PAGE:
Concept Learning in the Thinking Classroom
Reviewed by Joanne Bell
Why do the students not remember the material longer than the last test? Why are we still teaching as if everyone will function as a factory worker? The world is so different now and will be rapidly changing in the future. Our students need the skills to compete. The 21st century needs people who can deal with the complexities of living, working and thinking in an increasingly complex world.
Concept-Based Curriculum and Instruction for the Thinking Classroom can assist us in getting them ready. It starts with a brief introduction on how our brains work and why it is important to look at each unit of study with a conceptual focus.
For students to think in complex ways, there has to be a working relationship between lower level thinking and conceptual level thinking. In essence, we need to know the facts to be able to do the higher levels of thinking.
The authors’ method uses the processes of critical, creative and reflective thinking from Ron Ritchart‘s work, with conceptual thinking added to the list by the authors.
Chapter 2 is about “The Structures of Knowledge and Process.” They are explained and illustrated with diagrams and examples from different subject areas. These are the foundational starting points for designing curriculum.
From here, a teacher would unpack the concepts and generalizations from the content and then go on to develop what the students will be required to know, understand, and do. The goal of this plan is to create learners who are capable of complex thinking and also able to transfer the concepts to other situations and problems.
How to build concept-based instruction
After beginning with the structure of effective design, in chapter 3 the authors go on to share the steps, actually showing us how to design concept-based instructional units. They take us from creating the unit title and identifying the conceptual lens and unit strands to developing the guiding questions and learning experiences to formulating the assessments.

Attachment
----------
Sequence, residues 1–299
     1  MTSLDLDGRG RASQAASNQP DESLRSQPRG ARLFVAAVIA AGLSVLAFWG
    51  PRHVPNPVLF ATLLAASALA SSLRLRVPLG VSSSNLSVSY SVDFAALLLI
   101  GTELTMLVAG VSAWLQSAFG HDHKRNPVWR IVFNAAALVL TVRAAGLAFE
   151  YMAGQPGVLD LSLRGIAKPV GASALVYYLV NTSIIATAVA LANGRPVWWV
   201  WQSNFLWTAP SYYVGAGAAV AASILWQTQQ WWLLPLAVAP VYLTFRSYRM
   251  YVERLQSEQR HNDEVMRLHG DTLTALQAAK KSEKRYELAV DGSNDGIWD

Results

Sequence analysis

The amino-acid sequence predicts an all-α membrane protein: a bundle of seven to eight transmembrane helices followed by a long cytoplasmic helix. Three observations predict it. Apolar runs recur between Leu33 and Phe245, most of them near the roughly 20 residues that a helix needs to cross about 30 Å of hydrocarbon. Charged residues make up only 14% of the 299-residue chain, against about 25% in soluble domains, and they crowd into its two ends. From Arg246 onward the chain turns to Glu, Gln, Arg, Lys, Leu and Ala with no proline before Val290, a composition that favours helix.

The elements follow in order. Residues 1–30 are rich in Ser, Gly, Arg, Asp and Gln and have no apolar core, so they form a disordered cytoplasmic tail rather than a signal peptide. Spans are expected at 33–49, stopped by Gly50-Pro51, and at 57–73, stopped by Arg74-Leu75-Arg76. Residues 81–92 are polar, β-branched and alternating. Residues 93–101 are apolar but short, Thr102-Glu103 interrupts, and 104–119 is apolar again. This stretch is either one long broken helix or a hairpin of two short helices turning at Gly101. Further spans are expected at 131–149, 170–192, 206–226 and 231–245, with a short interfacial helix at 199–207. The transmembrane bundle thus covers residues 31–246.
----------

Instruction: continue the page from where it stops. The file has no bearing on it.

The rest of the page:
There is also a comparison of a topic-based unit versus a concept-based unit. This is really helpful because the difference is clearly seen in the example.
Using inquiry learning in concept-based lessons is the theme of chapter 4. It illustrates how concept-based instruction develops a deeper understanding of unit concepts while furthering the method of inquiry that is needed to obtain them.
The authors discuss the difference between inductive and deductive instruction and also show us how structured versus guided inquiry differ. In addition, they lead us by pointing out the two most common difficulties that come into play while making this change to a “concept and generalization” emphasis rather than just a “fact and skill” emphasis.
Supporting us as we learn
The last chapter deals with “The Developing Concept-Based Teacher and Self- Assessments.” The authors give us four rubrics to help with our own self-assessment. Examples of several myths that have developed around this topic of instruction are also given and are explained and refuted.
Even though chapter 5 is the last chapter, the book goes on to a plethora of resources. There are lesson templates, examples of lessons, checklists, and even most frequently asked questions to guide us in continuing our challenging but rewarding journey into concept-based teaching.
Joanne Bell is a middle school teacher at St. Joseph Elementary School in Cottleville, Missouri. She currently teaches social studies to sixth and seventh graders, but has spent most of her 34 years in the elementary grades.